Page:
Still, why would growers take land out of production—a cultural scandal—in return for money from the same state agencies and environmental nonprofits they often oppose? One answer is that these payments help ranchers regenerate value not only through, but also despite relations of kinship. I first considered this while watching a recent Audubon film about the program, in which rancher Bud Adams explained that liquidity from payments allows ranchers not only to hold onto land but also to settle with family members who do not want to remain in the business. In this, ranches resemble the Italian family firms studied by Sylvia Yanigasako (2002, 77), wherein “kinship sentiments operate both as forces for the continuity of family firms and forces for their demise.”
Watching the film, I thought of John Ward and Gretchen Kokomor, spouses who manage the 5800-acre J-7 Ranch. John’s father founded the stunning ranch south of Lake Okeechobee near the Big Cypress Seminole Reservation and labored to make the Everglades land agriculturally productive. In 1978, after he passed, three sons incorporated the ranch, and, after a subsequent dispute, two daughters joined. The siblings are shareholders, and the corporation pays John and Gretchen to manage and operate the enterprise. Ward ponders whether to take advantage of various financial instruments that generate revenue through conservation, although the SFWMD program mentioned above is not available south of the lake. During my first visit, Ward began by saying that he and Kokomor “enjoy the lifestyle we have here” and would like for the ranch to stay in the family despite having no clear succession plan. In South Florida, the palatability of payments for ecological services relies on the language of culture, even as the very substance of ranching culture—kinship—is a force both of production and of splintering.
Ecosystems services valuation in the Everglades could be interpreted as a tool to align the preexisting interests of agriculture and environment, or as a measurement of the preexisting value of nature. Instead, ESV here and elsewhere must be understood as a mechanism by which interests and value are produced. The point is not simply technical; it launches crucial new lines of inquiry. The task is to trace those generative forces (like kinship) that make nature’s valuation—in cultural and economic terms—palatable and possible in contemporary capitalism.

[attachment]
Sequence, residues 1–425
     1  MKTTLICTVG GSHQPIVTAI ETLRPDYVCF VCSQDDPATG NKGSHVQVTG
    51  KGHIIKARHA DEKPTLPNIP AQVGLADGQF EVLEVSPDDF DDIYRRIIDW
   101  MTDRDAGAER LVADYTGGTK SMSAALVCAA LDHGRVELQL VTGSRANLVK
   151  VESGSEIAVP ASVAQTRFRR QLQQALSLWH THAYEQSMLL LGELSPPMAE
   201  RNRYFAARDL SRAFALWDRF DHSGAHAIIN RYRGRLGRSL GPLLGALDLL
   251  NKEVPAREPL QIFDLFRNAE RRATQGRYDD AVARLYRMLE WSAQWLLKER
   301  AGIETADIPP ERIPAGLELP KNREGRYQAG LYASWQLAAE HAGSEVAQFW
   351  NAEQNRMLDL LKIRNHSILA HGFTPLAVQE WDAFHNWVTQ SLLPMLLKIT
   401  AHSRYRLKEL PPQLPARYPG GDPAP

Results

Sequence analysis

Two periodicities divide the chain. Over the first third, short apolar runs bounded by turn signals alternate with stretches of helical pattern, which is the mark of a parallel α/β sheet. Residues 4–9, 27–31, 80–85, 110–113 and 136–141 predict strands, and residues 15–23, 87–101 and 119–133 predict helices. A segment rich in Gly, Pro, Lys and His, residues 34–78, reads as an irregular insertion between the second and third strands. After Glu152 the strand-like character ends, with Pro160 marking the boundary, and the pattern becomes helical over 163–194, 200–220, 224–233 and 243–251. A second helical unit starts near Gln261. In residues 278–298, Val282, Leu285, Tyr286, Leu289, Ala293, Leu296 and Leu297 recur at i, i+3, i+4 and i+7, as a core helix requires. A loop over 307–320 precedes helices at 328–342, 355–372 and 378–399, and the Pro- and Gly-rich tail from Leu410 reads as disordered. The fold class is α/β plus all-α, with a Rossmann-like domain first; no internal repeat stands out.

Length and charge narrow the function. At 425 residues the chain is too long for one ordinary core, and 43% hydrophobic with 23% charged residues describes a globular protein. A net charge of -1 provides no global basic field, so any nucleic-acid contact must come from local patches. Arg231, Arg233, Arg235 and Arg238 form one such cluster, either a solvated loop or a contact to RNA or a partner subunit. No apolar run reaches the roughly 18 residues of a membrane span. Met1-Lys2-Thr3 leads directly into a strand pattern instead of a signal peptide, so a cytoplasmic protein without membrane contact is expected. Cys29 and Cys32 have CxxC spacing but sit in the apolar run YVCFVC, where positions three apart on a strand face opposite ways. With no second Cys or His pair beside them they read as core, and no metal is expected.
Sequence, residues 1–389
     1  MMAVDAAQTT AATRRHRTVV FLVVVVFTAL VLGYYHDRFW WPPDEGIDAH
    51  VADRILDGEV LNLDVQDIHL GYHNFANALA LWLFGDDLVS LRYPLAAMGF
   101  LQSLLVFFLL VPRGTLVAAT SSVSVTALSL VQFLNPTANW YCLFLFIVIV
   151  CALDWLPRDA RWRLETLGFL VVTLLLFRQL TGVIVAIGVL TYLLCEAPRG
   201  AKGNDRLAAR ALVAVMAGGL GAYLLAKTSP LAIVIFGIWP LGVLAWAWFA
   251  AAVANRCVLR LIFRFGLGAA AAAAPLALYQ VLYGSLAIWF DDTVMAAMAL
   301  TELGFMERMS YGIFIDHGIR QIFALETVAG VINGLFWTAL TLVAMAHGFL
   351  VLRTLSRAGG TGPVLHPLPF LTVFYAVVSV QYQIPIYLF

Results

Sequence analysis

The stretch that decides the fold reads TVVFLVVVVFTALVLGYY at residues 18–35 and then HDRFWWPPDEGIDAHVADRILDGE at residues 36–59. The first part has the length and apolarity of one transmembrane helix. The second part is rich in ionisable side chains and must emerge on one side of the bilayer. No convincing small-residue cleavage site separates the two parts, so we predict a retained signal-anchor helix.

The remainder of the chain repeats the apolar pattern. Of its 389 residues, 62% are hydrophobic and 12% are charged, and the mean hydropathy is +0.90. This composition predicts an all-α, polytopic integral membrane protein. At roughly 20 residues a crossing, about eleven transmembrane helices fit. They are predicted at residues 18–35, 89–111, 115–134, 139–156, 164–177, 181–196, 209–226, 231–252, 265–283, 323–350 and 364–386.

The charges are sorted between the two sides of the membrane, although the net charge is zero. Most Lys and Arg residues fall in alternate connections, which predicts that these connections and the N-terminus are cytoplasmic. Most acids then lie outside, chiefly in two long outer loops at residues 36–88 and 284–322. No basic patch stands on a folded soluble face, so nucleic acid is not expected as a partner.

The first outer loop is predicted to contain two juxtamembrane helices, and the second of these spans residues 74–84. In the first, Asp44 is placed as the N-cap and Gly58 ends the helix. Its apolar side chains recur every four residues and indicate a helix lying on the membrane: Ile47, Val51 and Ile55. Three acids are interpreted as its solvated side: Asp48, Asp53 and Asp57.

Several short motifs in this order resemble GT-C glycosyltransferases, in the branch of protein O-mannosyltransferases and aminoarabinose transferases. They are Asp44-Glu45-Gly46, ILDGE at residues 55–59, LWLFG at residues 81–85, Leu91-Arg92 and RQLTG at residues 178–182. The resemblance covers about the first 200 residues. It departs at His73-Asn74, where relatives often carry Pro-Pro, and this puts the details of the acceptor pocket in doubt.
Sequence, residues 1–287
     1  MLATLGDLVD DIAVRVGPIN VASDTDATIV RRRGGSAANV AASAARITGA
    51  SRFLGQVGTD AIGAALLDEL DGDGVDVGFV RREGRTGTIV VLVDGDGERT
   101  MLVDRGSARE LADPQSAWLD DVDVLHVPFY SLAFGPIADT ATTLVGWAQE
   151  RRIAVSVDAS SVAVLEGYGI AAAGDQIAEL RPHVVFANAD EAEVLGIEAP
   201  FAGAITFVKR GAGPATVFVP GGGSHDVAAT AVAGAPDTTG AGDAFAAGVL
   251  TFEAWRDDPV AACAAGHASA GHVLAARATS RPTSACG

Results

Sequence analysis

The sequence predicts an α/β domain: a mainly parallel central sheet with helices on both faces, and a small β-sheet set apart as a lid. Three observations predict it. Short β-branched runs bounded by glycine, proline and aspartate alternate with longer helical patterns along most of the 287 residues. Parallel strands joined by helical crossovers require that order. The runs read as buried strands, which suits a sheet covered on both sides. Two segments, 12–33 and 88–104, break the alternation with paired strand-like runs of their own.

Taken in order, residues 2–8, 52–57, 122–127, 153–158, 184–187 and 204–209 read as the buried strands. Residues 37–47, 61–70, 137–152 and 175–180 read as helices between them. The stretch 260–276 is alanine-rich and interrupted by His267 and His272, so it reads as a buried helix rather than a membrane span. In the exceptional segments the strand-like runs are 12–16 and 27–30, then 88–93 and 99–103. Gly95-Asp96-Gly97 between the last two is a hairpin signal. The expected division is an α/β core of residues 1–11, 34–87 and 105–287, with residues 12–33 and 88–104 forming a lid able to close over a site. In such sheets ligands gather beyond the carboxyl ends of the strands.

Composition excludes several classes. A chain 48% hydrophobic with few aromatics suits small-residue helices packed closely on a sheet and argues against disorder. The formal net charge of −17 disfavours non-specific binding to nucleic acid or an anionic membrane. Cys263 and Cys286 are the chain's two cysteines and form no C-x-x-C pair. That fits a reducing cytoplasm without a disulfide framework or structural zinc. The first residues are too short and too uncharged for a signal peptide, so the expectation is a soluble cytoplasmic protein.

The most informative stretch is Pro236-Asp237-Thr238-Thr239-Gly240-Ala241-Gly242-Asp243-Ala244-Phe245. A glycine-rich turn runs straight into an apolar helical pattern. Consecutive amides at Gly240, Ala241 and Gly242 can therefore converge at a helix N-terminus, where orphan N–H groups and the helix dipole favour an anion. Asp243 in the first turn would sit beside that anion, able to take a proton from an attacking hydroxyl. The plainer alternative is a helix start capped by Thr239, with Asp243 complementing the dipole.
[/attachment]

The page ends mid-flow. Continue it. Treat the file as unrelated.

This point is illustrated by Carlton Ward, a well-known Florida photographer, who took the photograph of the ranchers that appears on the White House report. Ward also co-founded the Florida Wildlife Corridor project, which promotes conservation easements and related methods to preserve ecological connectivity. In comments I heard him deliver at the Big Cypress Seminole Reservation during his inaugural journey up the proposed corridor, Ward explained to supporters and reporters that a ranch’s conservation easement “helps protect the culture of people who have been stewards of the land” for generations (fieldnotes, February 5, 2012). With an eye on generative forces in the valuation of nature under/as capitalism, it is also worth noting that the photographer and wildlife corridor advocate is, indeed, the nephew of rancher John Ward.
Swain, Hilary, Paul Gray, and Roberta Pickert. 2012. “The Complexity of Ecosystem Services Provided by the Northern Everglades.” Paper presented at the Aces and Ecosystem Markets conference, Fort Lauderdale, Florida, December 10-14.
Weiner, Annette B. 1980. “Reproduction: A Replacement for Reciprocity.” American Ethnologist 7, no. 1: 71–85.
Yanagisako, Sylvia Junko. 2002. Producing Culture and Capital: Family Firms in Italy. Princeton, N.J.: Princeton University Press.